Sunday evening me, Colleen, and Jessica decided to really buckle down and put together some travel plans for the upcoming travel week. We got tons of books from the Library about Europe and made lists of all the places we would ideally like to visit. The list was LONG. So we had to look at which places were most feasible in the time we had allotted and with our tight college budgets. After much frustration and contemplating, we finally came up with a rough itinerary! We are going to start by flying from Venice to Dublin on Feb. 13, where we will stay for 5 days! In Dublin we have a day long walking tour we want to do, tour the guinness factory, hit up the pubs, and then do a 3 day long Paddy Wagon tour which will take us all around northern and southern Ireland. Then we will fly from Dublin to London and spend the rest of our time there. We want to go see a theater show in London, see the changing of the guards, abbey road, the bridges, Stonehenge... the list is really endless. Then we will come back to Paderno. We are so relieved to at least have the airline tickets arranged and are working on details, but if anyone has suggestions on great places to see in Dublin or London, please let me know!

Also, so more big news... I am going to Slovenia this weekend! I know, Slovenia? It is about 3 hours from Paderno by bus, and there is an organized trip through the university. Originally I wasn't really interested because I knew nothing about Slovenia, but as I researched it, I couldn't believe how beautiful it looked. I cannot wait to go see it myself. We are leaving this Sat morning and we'll get back late Sunday night. There are a ton of people from CIMBA going, so it will be a great chance to get to know people better and explore somewhere we know very little about!

This week has been jam packed with activities and workshops. I am ready for class to start and to get a routine going! It was also a challenging week because my insulin pump broke (figures right), so that really put into perspective that I was a world away from home and had to come up with a solution. My first instinct was to hop on a plane home, but Mom worked with the American pump company, I worked with the Italian company (i should say my translator worked with the Italian pump company) and I finally got it up and running yesterday.

So there are a bunch of things that are hard to adjust to here, little differences that you wouldn't ever think of. For example, most of the doors don't shut automatically behind you, so you have to remember to close them behind you. The flushers on the toilets are ALL in different places, there is no common location, so literally you have to stare at them to figure it out. Many of the light switches are outside of the room you want to walk into. The urinals are basically holes in the ground (thank god i'm a girl!), Burger King value meals come with a beer, businesses are closed for 2 hours in the afternoon... it is so interesting adjusting to a new way of life and breaking a lot of my habits from home.

Well that is about all the time I have. My friend Jake turned 21 today so we are about to go to the Pizzaria and celebrate his birthday. Thank you everyone for all of your comments and emails! I miss you all and really appreciate them!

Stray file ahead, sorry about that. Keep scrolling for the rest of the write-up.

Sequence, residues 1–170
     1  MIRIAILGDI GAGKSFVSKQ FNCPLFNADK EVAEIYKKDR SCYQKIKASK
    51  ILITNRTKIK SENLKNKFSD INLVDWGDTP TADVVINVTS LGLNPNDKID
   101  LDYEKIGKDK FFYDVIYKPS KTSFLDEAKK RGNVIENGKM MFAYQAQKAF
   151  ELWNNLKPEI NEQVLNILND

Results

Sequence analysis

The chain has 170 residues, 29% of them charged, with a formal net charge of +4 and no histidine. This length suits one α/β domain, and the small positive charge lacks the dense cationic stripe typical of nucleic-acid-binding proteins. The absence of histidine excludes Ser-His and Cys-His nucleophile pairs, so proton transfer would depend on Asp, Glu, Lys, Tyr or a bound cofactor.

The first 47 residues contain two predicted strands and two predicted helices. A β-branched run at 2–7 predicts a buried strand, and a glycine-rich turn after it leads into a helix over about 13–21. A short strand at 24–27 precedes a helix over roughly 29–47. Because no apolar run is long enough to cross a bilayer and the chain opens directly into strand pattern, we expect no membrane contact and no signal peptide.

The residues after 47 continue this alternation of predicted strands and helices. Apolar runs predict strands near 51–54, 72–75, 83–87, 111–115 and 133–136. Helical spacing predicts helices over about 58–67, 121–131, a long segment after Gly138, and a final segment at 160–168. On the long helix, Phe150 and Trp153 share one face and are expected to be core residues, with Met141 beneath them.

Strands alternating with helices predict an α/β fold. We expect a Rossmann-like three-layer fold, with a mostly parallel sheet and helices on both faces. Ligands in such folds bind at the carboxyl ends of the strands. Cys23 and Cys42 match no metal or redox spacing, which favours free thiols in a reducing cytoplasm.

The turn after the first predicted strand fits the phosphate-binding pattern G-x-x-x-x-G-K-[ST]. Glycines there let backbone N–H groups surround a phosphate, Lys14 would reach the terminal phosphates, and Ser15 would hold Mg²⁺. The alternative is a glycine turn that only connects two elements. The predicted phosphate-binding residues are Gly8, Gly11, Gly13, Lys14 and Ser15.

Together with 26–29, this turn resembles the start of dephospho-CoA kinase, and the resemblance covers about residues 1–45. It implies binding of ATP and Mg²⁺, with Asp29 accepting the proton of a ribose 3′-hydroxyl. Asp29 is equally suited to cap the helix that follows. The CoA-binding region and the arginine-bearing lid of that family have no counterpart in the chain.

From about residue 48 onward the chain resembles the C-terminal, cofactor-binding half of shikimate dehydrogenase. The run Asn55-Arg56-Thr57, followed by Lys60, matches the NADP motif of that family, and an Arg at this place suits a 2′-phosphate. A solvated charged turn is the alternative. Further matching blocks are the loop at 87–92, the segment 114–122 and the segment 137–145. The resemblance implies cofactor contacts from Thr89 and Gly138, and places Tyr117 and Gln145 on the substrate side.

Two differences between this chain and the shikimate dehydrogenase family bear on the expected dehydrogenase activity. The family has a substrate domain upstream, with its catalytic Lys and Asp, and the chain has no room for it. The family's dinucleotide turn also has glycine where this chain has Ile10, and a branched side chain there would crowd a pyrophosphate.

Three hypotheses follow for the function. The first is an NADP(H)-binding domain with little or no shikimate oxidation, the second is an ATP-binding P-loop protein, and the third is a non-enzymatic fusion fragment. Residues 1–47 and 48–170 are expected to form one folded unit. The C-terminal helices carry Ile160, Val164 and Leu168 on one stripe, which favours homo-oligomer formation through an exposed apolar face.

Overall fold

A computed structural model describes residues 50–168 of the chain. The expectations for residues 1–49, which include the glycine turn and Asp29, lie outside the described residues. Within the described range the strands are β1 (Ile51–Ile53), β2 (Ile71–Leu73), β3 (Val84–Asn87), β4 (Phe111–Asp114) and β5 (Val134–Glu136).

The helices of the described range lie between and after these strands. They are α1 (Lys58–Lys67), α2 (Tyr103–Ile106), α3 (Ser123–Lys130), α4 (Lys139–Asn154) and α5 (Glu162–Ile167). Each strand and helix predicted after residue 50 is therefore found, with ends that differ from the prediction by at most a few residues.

Posted by stephgrebe 08:46 Archived in Italy Tagged living_abroad Comments (0)

Buona Sera!

overcast 40 °F


Life has been quite hectic in Paderno del Grappa these past few days, and I actually mean the program LIFE. As I mentioned in the last entry, I signed up to do this very vague leadership training called LIFE, a 48 hour retreat that was highly recommended. I'm a huge sucker for those trainings and thought I would sign up and try it... I had no idea what I was getting myself into.

The program is really hard to describe, but it was basically an intensive leadership boot camp, one day we went from 7am-12:30am with small 10 minute breaks... had 5 hours to sleep... it was insane! I cannot describe the activities of the program, they asked us to keep it under wraps, but basically we spent 48 hours straight recognizing our strengths, completely escaping our comfort zones, exposing our weaknesses and learning to overcome them, and focusing on how to give yourself support and others support. I know it sounds extremely lame, but it was one of the best experiences of my life. I have never learned so much about myself and gotten so close with a group of people in such a small amount of time. There were so many opportunities to plan goals and figure out how to achieve them and push yourself along the way.

The only details that I will give away is that I was able to punch through a 1" board with my bare hand! Pretty impressive. I would highly recommend the program if you ever get an opportunity to do it. It was such a great chance to focus on myself for once and reflect. It was so hard and at times I hated it, but in the end it was worth it and I would do it again 100 times.

After the LIFE program, I have never been so exhausted. I think it was a combination of jet lag, being in a new place, and this program that just drained all of our energy. And the vino may have contributed too I guess. Today we woke up and had a "Survival Italian" class that basically gave us all of the Italian we will need to travel to the nearby towns next week. I am taking Traveler's Italian so it was really just a condensed version of that. In it, she recommended tons of flavors of coffee, gelato, cheese, and sweets for us to try. I'm anxious to do my research. We also had a travel seminar that gave us wonderful tips for our upcoming travel breaks. We are starting to research places to go for next weekend, Milan is looking like a possibility. I learned from Venice that I really need to invest time into planning these trips so I can get the most out of them, so we will spend the week figuring out where to go, but suggestions are always welcome if someone has them.